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01.01.2012 | Ausgabe 1/2012

World Journal of Surgery 1/2012

Impact of Advanced Age on Outcomes Following Damage Control Interventions for Trauma

World Journal of Surgery > Ausgabe 1/2012
Thomas Lustenberger, Peep Talving, Beat Schnüriger, Barbara M. Eberle, Marius J. B. Keel



Damage control (DC) strategy has significantly contributed to mortality reduction in massively bleeding and critically injured trauma victims. However, there is a lack of literature validating the effectiveness of this approach in the elderly population.


The trauma registry of a Level I trauma center was utilized to identify all severely injured patients [Injury Severity Score (ISS) ≥16] from January 1996 to December 2007 who underwent initial DC procedures. Patients with a head Abbreviated Injury Scale (AIS) ≥3 were excluded from the analysis. Demographics, clinical and physiological parameters, and in-hospital outcome measures were compared between elderly (≥55 years) and younger (<55 years) patient cohorts subjected to DC procedures.


Overall, 158 patients met the inclusion criteria. Among them, 34 patients (21.5%) were aged ≥55 years (range 55–85 years) and 124 patients (78.5%) were <55 years old (range 16–54 years). The overall in-hospital mortality rate was 10.1% (n = 16) with a significantly higher mortality rate for elderly patients than for younger patients: 29.4% vs. 4.8%; adjusted P = 0.001; adjusted odds ratio (OR) with 95% confidence interval (CI) 7.09 (2.30–21.74). When stratified by DC subgroups, the case-fatality rate was significantly higher for the elderly patients who underwent extremity DC procedures [19.2% vs. 3.2%; adjusted P = 0.032; adjusted OR with 95% CI 5.95 (1.16–30.30)] and DC laparotomy [55.6% vs. 7.1%; P = 0.005; OR and 95% CI 16.25 (2.32–114.06)]. Both cohorts required massive transfusion during the initial 24 h of admission (18.9 ± 2.9 vs. 15.1 ± 1.6 units of packed red blood cells; P = 0.290). Nevertheless, there were no statistically significant differences between the two groups regarding hospital and surgical intensive care unit lengths of stay or major in-hospital complications.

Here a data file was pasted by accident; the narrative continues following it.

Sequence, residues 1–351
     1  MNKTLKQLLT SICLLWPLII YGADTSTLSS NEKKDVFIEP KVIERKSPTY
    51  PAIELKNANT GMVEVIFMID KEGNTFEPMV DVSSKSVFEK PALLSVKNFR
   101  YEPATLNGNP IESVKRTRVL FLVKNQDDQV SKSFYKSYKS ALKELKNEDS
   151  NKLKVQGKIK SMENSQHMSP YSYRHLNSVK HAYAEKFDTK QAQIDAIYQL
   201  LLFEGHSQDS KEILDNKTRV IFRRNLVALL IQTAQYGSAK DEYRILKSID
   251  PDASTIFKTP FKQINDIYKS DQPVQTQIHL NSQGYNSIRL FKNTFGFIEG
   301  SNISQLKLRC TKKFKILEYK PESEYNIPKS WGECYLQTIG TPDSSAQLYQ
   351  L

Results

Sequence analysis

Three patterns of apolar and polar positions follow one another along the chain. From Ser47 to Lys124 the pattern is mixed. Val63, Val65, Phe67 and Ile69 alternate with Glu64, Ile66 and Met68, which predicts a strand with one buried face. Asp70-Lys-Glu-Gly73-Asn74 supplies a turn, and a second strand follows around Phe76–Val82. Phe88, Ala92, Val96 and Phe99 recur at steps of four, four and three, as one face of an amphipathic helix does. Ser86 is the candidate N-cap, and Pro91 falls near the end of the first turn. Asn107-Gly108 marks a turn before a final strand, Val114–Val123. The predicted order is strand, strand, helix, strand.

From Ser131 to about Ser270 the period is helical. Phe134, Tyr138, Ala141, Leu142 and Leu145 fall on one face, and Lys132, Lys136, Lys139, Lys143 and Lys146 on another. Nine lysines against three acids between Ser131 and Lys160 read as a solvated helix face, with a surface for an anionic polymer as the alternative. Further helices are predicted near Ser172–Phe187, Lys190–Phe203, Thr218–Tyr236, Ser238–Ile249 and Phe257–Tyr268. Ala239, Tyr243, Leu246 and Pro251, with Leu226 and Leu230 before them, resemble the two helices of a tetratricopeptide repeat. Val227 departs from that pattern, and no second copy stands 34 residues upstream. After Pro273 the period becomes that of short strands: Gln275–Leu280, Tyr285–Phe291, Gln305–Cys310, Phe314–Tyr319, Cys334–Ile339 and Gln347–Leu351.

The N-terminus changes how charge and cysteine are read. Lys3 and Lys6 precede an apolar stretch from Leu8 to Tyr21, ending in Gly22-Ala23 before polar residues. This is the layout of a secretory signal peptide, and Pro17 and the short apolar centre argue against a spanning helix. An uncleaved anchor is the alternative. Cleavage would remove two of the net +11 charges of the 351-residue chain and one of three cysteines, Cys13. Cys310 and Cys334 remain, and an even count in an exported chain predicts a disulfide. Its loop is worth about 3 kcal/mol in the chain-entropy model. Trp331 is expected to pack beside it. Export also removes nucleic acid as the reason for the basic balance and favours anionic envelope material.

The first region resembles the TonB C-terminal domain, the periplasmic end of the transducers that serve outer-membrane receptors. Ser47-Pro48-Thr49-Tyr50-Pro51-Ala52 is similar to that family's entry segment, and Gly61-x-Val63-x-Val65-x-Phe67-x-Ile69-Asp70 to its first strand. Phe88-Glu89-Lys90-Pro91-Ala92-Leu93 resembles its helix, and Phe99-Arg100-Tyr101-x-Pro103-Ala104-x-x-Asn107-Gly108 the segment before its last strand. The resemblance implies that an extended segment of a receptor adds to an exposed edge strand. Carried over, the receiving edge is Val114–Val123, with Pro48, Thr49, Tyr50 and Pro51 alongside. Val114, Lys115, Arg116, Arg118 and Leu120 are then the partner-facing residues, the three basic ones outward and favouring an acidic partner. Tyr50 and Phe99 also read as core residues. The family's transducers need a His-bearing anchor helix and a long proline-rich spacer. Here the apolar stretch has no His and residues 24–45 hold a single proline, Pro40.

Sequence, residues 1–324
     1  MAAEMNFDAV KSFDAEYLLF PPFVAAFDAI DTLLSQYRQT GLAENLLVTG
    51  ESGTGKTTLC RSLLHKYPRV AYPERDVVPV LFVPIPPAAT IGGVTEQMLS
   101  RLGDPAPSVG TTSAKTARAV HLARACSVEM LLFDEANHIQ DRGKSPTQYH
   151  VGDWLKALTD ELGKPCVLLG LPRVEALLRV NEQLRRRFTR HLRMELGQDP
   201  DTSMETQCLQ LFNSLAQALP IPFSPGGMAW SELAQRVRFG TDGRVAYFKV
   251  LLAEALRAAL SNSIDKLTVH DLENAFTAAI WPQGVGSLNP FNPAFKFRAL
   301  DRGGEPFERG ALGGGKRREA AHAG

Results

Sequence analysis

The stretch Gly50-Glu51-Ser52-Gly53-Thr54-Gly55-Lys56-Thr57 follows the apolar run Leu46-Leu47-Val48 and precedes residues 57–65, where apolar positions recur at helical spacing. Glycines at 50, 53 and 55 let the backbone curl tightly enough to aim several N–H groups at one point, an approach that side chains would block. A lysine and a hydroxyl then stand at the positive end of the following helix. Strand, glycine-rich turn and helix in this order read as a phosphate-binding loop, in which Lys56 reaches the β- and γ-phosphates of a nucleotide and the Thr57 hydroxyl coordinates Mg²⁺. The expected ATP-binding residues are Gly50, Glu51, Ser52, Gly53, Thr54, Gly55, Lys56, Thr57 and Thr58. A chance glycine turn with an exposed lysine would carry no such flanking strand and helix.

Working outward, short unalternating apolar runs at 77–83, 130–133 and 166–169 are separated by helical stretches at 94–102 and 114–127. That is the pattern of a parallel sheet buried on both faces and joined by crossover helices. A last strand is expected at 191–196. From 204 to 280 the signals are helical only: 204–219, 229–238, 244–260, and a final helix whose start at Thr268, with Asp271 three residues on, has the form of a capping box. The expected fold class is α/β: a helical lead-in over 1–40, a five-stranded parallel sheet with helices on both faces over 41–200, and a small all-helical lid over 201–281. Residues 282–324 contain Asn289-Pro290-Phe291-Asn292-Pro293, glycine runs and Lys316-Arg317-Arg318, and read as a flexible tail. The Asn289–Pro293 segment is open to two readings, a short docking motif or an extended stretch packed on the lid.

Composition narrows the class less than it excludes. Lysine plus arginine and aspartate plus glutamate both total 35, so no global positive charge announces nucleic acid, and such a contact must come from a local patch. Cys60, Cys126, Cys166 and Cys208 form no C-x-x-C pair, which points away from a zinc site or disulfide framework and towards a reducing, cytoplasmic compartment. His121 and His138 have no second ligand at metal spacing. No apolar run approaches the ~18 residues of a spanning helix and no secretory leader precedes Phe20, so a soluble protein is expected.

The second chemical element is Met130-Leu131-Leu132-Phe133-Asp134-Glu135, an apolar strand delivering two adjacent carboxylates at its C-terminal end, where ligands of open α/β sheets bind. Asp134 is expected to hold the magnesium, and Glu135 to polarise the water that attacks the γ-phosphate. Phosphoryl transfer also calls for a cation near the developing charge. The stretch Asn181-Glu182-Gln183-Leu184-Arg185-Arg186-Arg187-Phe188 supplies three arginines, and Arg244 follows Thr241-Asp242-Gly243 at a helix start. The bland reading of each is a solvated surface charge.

The mortality rate for elderly trauma patients undergoing DC is excessive at 29%. Despite the significant burden of injury and the massive transfusion requirement, most of the elderly patients subjected to DC survived and experienced in-hospital morbidity measures comparable to those of the younger patients. Our results provide further support for damage control intervention in severely injured elderly patients.

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